And, even worse, recovering their supply lines will be the worst bottle neck. Any business is a delicate network of suppliers and workers. Much of that is being destroyed right now. Not destroyed by the virus scare, but by the decrees of governments in many countries. That means, for example, in years past, the offerings of, say, vitamins coming in from Blackmore’s in Australia would be plentiful in most pharmacies here. But, in years ahead, the supply is likely to be “thin” and inconsistent. So when I see something I want – like that Vitamin C and zinc mentioned above – I will buy several bottles at a time, instead of just one. I’ve already laid in a year’s supply of computer printer paper and two-years of printer ink. That sort of shortage will, I expect, become a characteristic of life in Bangkok in future. Somewhat inconvenient, yes, but not awful.
What does worry me is electric power and water:
Fortunately, much of Bangkok’s electric power is generated by natural gas, and there are lots of gas wells in the gulf of Thailand. Intermediate term, we’ll be fine, albeit maybe some blackouts from time to time. I’ve bought a solar panel to re-charge mobile phone and a rechargeable flashlight. But longer term is uncertain. Electrical generating equipment and power transmission lines depend on specialized parts. And those comes from China. Nothing from China is very good quality, and, I’m sure, electrical power infrastructure is no exception. Long term I expect increasing blackouts here. That’s going to be annoying.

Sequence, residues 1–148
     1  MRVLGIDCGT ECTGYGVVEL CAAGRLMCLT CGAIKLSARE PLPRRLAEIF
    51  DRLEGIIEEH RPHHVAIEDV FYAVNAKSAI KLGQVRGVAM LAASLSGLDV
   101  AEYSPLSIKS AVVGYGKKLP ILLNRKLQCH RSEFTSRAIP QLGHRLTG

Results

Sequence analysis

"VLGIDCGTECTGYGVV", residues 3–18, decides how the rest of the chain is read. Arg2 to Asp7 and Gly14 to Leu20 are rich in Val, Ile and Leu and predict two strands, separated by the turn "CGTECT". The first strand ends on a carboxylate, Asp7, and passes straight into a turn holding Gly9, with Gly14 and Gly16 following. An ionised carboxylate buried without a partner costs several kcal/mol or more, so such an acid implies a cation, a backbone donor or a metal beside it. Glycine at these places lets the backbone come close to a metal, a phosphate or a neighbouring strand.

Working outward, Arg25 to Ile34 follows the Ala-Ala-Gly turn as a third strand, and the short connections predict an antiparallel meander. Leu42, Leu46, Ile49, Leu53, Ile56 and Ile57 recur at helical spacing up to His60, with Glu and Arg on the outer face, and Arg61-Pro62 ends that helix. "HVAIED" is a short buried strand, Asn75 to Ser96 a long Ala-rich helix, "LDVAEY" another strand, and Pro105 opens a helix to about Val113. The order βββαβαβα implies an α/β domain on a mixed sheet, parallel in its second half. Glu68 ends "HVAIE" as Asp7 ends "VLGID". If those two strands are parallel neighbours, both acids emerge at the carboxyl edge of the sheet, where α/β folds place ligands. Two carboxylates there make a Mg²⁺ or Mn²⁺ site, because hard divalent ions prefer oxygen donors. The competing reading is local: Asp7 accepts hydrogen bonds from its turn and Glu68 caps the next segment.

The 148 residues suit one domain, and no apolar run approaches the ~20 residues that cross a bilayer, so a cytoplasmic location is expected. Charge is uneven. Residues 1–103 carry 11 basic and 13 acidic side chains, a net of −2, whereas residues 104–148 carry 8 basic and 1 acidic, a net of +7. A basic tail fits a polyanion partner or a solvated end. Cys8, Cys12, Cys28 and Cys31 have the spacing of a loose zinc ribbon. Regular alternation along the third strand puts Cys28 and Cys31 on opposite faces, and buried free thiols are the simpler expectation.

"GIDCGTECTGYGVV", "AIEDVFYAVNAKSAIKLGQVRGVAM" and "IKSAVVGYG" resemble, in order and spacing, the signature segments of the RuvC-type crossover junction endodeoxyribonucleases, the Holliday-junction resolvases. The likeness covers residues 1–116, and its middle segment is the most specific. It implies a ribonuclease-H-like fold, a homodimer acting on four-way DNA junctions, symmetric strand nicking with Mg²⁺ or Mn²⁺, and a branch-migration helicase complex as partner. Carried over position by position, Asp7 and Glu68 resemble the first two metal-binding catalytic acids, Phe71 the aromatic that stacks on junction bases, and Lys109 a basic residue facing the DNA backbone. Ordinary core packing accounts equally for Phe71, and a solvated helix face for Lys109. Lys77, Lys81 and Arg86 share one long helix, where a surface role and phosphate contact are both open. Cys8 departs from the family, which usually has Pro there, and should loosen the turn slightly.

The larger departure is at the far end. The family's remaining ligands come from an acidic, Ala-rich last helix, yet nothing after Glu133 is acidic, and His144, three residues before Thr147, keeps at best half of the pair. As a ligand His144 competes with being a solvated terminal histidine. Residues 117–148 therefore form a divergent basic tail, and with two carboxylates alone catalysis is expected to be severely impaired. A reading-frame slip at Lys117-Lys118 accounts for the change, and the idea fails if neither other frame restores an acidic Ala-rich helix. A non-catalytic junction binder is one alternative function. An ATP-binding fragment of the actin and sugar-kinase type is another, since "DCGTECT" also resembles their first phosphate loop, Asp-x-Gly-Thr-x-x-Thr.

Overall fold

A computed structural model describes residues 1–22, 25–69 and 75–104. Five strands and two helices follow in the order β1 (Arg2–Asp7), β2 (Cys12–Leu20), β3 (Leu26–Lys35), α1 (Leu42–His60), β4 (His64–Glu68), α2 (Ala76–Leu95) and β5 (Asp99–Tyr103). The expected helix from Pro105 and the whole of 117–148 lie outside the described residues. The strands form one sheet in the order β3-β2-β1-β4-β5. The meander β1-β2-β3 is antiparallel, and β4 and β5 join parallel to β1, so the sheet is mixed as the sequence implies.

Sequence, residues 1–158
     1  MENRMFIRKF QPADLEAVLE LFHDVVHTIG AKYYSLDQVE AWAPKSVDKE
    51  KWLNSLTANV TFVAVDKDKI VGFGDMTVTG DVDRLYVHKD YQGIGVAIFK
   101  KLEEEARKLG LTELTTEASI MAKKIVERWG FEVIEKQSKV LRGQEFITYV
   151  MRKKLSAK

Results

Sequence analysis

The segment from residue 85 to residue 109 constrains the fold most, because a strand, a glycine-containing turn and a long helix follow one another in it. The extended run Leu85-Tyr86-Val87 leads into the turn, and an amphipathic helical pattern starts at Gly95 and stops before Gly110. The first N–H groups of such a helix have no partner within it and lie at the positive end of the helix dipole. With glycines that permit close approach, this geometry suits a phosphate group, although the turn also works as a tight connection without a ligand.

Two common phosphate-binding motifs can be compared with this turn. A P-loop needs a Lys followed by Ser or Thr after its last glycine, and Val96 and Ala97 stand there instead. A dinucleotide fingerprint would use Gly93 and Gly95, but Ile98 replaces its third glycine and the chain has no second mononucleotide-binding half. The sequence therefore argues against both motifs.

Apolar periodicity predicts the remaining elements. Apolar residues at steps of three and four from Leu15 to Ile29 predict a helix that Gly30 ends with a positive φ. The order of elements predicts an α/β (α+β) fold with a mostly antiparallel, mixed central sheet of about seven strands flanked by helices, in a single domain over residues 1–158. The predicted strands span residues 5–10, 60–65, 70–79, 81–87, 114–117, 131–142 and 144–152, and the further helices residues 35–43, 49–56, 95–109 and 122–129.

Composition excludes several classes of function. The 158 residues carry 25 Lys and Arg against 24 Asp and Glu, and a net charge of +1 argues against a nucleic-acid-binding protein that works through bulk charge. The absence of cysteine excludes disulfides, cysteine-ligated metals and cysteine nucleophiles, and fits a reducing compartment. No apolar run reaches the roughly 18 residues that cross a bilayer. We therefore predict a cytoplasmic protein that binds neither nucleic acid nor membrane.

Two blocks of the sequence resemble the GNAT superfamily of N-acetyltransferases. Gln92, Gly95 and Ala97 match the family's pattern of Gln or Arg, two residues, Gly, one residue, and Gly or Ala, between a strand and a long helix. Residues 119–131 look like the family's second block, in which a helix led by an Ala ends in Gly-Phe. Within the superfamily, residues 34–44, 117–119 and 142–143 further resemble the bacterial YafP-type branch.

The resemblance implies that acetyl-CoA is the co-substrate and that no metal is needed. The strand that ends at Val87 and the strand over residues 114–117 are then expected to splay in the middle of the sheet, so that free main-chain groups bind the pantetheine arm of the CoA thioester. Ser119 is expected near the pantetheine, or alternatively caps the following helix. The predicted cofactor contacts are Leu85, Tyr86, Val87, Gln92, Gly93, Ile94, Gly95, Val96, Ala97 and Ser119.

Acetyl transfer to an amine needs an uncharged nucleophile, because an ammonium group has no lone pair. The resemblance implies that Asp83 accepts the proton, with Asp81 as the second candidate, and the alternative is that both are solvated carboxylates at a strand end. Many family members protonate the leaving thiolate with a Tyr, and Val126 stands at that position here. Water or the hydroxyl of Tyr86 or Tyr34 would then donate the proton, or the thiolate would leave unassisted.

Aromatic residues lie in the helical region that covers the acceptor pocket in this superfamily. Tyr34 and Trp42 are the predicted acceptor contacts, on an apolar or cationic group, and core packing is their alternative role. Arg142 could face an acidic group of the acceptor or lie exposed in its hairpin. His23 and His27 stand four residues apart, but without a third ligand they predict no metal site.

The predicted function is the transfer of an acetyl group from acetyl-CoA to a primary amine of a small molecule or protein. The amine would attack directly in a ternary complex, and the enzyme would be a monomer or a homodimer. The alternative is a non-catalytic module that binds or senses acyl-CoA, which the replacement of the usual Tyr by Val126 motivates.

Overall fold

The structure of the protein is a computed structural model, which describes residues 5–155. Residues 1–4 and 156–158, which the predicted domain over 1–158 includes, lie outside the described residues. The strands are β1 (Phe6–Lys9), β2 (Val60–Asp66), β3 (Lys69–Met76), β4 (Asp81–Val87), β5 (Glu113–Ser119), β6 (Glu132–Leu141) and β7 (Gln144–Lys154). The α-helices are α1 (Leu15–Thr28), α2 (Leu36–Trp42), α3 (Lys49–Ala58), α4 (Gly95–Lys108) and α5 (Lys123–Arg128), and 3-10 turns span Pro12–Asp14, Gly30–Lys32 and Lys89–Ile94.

Similar thinking about city water. Right now, no problems at all. But when a pump bearing wears out, the replacement comes from China. If ship transport and air cargo is sluggish, how long will it take to get spare parts like that? And as repairs pile up, I expect city water will, in future, be an on-again, off-again proposition. Coupled with intermittent electric cut-offs to the water pumps, getting water for toilet, showers, laundry, and dish washing will not be reliable.
But as of now, expat life in Bangkok is fine. If you’ve ever experienced Bangkok during Songkran – when many local people head out to the provinces for the week and streets and shops are very quiet – that’s an apt description of Bangkok today. Not exciting, but certainly liveable.
The author welcomes comments and questions at: [email protected]